A few years ago my local Audio Engineering Society chapter held a seminar about audio restoration with leading experts in the field, and they had recommended Izotope RX software. I got a copy and ran a number of de-noising algorithms after decimating my raw DSD files at 96K/32 bit floating point. This nearly erased the obnoxious whine, air turbulence, traffic and audience noise but listening to the steep time and frequency filters gave me a headache and a perceptual hangover that lasted at least a day.

    This is confirmation of my theory that audio engineers can’t hear. Mixing and mastering are spatial distortion. Every knob in a studio generates time distortion with relative phase shifts or worse, like these DSP filters that preserve every musical frequency but mangle phase to eliminate non-musical frequencies. “Tonmeisters” and other knob twiddlers take the signal further and further from musical reality by mixing and mastering during the recording process, and people who hear “imaging” from this mashup of spatial information likewise have faulty hearing from listening to recordings more than live music.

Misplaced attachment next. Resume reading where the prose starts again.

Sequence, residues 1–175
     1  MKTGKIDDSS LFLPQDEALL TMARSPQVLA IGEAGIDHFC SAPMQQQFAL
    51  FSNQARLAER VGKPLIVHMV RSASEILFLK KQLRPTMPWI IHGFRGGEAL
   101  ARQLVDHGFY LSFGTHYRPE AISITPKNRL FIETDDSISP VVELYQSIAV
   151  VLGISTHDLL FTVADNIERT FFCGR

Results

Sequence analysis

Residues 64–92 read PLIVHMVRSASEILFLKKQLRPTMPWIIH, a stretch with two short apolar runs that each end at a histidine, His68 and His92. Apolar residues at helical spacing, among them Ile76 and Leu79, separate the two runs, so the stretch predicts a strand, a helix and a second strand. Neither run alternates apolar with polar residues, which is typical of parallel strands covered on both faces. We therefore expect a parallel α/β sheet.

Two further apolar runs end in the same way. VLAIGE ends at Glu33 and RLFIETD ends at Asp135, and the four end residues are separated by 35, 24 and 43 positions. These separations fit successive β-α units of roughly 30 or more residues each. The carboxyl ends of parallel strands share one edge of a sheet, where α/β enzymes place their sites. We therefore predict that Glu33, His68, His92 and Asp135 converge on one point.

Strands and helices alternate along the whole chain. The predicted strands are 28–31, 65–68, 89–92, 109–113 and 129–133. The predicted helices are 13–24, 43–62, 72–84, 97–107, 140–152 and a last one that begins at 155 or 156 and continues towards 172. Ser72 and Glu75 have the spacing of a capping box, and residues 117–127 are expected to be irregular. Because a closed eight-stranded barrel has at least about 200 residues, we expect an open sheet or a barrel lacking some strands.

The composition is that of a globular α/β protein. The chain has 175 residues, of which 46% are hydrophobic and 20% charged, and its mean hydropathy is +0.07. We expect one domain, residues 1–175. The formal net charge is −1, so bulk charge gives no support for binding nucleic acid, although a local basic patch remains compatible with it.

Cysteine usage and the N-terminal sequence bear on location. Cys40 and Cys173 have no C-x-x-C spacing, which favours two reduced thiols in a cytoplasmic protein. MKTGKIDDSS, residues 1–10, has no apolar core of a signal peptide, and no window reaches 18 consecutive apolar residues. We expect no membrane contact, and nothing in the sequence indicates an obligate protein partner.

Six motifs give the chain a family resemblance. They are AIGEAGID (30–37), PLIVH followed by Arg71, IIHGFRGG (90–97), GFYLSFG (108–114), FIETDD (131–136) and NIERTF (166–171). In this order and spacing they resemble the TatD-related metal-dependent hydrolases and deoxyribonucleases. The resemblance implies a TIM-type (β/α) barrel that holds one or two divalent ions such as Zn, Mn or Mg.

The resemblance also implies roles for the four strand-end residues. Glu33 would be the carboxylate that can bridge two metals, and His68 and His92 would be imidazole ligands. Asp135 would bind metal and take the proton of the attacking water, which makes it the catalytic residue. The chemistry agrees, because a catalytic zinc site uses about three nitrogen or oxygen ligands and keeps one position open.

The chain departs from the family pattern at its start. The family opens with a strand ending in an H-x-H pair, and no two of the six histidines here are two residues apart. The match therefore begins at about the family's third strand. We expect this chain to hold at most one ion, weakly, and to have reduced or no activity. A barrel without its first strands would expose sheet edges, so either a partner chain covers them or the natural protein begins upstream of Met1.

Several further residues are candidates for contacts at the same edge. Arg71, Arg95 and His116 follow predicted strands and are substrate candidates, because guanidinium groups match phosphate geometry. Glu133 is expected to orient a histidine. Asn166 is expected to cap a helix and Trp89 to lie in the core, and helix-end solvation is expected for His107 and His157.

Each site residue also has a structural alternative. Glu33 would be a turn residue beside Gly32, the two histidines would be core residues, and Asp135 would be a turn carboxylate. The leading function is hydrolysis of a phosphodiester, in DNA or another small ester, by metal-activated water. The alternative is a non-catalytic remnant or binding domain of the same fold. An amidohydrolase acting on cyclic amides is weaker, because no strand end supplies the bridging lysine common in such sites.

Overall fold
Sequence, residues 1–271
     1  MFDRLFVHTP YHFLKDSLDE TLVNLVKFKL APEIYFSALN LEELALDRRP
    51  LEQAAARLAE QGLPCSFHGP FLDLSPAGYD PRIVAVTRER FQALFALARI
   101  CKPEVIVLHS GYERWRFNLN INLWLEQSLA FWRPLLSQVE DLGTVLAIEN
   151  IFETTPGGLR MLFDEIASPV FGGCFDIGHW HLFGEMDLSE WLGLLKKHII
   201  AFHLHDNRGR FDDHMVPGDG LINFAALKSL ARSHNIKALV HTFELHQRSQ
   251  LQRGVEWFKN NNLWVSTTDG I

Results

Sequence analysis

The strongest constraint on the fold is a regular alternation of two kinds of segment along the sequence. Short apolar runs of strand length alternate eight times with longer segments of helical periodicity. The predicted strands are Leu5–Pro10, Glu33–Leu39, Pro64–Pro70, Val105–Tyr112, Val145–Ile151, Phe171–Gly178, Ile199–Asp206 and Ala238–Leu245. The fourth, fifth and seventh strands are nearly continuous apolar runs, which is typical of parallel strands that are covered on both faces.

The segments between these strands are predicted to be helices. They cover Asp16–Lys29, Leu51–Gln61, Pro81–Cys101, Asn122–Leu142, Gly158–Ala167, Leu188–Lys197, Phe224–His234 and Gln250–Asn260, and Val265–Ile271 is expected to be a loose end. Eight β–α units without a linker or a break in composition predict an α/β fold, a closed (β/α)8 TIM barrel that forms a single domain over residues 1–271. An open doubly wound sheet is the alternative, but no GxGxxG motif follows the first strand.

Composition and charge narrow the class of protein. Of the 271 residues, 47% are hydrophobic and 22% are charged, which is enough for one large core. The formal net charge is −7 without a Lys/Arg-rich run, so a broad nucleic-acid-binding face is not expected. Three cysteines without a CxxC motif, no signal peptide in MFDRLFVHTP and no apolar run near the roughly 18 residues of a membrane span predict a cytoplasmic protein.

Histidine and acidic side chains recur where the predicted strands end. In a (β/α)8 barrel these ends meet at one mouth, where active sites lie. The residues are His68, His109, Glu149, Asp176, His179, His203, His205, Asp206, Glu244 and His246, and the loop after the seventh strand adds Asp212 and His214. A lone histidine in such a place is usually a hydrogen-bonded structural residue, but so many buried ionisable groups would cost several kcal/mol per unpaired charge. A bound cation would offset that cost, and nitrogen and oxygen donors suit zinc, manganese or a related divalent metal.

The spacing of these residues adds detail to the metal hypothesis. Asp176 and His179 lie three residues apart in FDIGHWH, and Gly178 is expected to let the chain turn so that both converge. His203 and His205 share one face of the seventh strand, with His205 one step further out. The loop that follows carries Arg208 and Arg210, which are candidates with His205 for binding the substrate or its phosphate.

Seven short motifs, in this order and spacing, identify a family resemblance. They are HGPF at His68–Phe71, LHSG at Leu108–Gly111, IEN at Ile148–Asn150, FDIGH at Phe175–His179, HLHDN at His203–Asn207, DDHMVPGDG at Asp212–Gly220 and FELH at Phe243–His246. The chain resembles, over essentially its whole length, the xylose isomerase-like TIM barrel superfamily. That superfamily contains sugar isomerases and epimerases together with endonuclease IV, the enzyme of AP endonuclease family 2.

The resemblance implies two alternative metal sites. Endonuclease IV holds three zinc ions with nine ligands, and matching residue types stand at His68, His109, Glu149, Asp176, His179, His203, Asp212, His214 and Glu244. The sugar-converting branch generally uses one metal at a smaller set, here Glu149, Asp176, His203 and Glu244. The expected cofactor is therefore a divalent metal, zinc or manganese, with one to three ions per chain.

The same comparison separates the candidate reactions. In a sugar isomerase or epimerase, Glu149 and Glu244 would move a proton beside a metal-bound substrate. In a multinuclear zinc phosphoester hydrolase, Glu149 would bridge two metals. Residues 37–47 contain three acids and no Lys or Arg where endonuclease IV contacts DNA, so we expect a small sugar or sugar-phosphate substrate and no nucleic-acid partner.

I know a handful of control rooms with monitors with good phase coherence, but most of them still have square meters filled with knobs that generate phase distortion, whether physical or virtual. Even those who fool themselves working on a Sonoma or Pyramix workstations go through decimation and generate phase shift in the DSD output with EQ, dynamic mods and statistical reverb algorithms.

    That is why I spend my money on tickets instead of copper. I use stock power cords and contractor speaker cable left over in construction dumpsters, and I get sound that drops the jaws of musicians, including ones that have heard “high end” systems with four figure cables. Some of them say my speakers are not merely the best, they are the ONLY musical speakers. Interestingly, they do not always sound better than audiophile systems on commercial recordings, because the mixing and mastering is designed to work with the flaws of the audio ecology.

    If there are no live music venues close to you, organize a house concert. I know about a thousand musicians who would love to play for you for less than the cost of a high end cable, and there are more under-employed musicians pretty much everywhere. That will give you a better perspective on musical economics.

  9. By this explanation solid core wire should sound better than stranded of the same gauge since the grains have been “disrupted” far fewer times. At least in theory.

    And thanks to Soundmind for verifying today that stranded wire gauge is determined by the bundled size, not the number of draws. That is what I was trying to verify yesterday with my questions.